NOV 16, 2017 12:00 PM PST
WEBINAR: Samples and Data - The Two Layers of Integrations
SPONSORED BY: Beckman Coulter Life Sciences
CONTINUING EDUCATION (CME/CE/CEU) CREDITS: P.A.C.E. CE | Florida CE
3 5 845

Speakers:
  • Project Manager, Beckman Coulter Life Sciences
    Biography
      Russell Green has a degree in biochemistry and molecular biology and a PhD in crystallography from the University of Leeds (UK).  A 10-year veteran of automation at Beckman Coulter, Russell worked in research for 2 years at the University of Leeds, then moved into a role as an automation specialist before taking on project management duties in the UK in 2010 and moving into the EMEAI marketing team as a field marketing manager in 2012. Most recently he returned to project management by leading the developed markets team for automation.
    • Staff Systems Engineer, Beckman Coulter Life Sciences
      Biography
        Tim Sherrill is a Staff Systems Engineer in the Integrated Solutions group of Beckman Coulter Life Sciences. He received his degree in Computer Science from Rose-Hulman Institute of Technology. Tim has spent his career with Beckman Coulter in the areas of software research and development, custom engineering services, field project management, and life science automation. His projects have focused in the areas of automated data processing and last year, a new version of Beckman Coulter's data management product, DART.

      Abstract:

      DATE: November 16, 2017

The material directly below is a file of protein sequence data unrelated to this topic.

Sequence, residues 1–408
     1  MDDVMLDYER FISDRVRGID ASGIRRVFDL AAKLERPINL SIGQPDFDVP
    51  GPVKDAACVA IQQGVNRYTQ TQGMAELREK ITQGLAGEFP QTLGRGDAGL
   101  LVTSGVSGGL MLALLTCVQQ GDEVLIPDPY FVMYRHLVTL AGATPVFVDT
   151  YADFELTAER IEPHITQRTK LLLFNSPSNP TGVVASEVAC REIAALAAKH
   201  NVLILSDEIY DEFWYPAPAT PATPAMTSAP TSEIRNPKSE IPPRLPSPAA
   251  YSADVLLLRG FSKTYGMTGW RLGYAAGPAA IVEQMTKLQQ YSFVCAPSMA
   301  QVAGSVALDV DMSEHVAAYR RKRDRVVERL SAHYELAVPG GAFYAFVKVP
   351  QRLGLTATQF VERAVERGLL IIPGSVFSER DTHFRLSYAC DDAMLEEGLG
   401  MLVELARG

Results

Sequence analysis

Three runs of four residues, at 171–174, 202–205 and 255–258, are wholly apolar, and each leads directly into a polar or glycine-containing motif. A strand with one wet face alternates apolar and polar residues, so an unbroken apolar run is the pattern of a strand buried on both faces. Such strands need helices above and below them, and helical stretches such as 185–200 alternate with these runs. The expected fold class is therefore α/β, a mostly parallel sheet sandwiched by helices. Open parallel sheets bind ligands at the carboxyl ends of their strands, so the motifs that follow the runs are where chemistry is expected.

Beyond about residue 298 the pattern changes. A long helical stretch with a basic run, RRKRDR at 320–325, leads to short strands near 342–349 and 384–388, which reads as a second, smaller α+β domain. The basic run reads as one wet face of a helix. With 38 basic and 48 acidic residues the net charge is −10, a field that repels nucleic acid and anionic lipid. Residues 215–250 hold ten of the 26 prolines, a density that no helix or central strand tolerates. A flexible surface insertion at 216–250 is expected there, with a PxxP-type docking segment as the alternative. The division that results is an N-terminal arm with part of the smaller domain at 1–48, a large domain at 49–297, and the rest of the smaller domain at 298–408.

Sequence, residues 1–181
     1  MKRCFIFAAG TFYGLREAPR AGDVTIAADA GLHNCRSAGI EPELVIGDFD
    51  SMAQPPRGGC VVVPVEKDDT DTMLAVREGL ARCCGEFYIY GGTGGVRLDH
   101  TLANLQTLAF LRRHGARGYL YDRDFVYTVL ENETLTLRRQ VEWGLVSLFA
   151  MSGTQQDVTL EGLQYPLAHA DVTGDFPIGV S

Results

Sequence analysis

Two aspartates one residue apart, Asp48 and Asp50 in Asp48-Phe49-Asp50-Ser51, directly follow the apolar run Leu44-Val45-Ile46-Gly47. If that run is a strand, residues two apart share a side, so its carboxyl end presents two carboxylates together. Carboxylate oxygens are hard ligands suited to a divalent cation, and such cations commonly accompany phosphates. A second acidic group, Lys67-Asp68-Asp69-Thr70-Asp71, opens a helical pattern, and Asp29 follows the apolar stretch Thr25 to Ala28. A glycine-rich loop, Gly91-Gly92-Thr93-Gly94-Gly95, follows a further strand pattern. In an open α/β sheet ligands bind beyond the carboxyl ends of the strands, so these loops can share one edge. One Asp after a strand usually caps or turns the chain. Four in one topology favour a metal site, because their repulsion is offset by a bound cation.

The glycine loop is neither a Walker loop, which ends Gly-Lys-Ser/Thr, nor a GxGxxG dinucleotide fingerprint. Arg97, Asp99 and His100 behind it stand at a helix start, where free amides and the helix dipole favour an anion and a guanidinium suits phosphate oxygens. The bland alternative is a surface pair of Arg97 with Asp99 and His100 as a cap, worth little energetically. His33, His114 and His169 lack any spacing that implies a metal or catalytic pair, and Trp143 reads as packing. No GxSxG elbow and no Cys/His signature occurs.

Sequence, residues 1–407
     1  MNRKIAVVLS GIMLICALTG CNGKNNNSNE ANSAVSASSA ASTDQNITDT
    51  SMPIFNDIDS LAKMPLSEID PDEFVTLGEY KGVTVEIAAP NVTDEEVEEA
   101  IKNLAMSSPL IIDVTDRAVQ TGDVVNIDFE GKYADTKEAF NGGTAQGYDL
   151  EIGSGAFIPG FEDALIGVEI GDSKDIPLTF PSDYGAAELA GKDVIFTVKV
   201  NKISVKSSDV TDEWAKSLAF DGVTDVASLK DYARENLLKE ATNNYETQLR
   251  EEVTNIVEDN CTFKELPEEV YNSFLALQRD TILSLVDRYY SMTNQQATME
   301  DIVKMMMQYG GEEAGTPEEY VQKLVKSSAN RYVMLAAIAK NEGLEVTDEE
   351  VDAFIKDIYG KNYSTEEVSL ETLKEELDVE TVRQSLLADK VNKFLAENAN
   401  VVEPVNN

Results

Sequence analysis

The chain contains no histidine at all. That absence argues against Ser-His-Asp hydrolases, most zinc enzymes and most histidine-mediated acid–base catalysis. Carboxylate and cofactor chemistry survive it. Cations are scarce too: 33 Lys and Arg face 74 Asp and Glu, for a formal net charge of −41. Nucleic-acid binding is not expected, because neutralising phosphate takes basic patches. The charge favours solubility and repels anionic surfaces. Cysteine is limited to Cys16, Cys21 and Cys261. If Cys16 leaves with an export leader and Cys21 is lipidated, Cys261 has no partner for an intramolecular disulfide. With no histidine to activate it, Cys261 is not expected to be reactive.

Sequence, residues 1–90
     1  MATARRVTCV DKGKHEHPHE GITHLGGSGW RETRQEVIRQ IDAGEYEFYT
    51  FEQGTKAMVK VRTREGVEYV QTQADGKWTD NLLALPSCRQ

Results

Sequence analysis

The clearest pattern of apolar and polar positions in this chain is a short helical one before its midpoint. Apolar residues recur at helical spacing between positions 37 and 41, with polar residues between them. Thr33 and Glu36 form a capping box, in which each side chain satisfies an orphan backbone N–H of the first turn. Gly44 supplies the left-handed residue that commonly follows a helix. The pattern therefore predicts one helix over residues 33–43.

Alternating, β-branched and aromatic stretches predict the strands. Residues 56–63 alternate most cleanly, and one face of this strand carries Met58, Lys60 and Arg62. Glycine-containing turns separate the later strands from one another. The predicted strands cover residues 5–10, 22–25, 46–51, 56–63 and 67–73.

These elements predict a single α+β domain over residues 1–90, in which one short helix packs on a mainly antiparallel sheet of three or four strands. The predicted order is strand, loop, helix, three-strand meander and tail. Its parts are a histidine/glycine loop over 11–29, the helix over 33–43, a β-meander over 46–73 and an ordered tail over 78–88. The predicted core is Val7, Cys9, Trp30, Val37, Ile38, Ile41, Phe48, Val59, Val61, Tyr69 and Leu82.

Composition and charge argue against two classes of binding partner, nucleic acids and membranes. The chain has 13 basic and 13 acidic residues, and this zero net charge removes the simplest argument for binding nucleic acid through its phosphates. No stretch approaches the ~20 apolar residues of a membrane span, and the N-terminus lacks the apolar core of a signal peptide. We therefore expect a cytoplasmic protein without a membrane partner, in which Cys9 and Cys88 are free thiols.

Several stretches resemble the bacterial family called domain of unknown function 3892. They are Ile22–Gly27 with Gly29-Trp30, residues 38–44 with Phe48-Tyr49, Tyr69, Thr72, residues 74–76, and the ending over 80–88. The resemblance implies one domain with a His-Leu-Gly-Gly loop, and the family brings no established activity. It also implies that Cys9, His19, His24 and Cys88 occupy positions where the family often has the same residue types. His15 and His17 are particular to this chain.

TIME: 12:00PM PT

      Automating complex workflows that require manipulating or assessing samples over days or weeks often require thinking beyond a liquid handler.  The benefits of integrating additional storage devices and analyzers can occur on two broad levels.  At the sample level, the physical integration of devices with the liquid handler can remove the need to manually interact with each plate, thereby reducing the effort required for higher sample throughput while also reducing the potential for human errors.  At the data level, sample processing and analyzer data can be immediately linked to ensure no errors are introduced during data deconvolution.  In addition, this data can be used to directly drive the liquid handling on an integrated system.  We will describe how these benefits can apply to an integrated cell line development process that involves the plating, expansion, and screening of single cell-derived colonies to establish a protein-expression cell line.

      Learning Objectives:

      • How physically integrating storage and analyzer devices to a Biomek Workstation can reduce the workload and errors with higher throughput applications.
      • How automated data integration can reduce errors in data handling throughout a complex or multi-day workflow
      • How data-driven pipetting can automate steps such as hit picking without manual intervention

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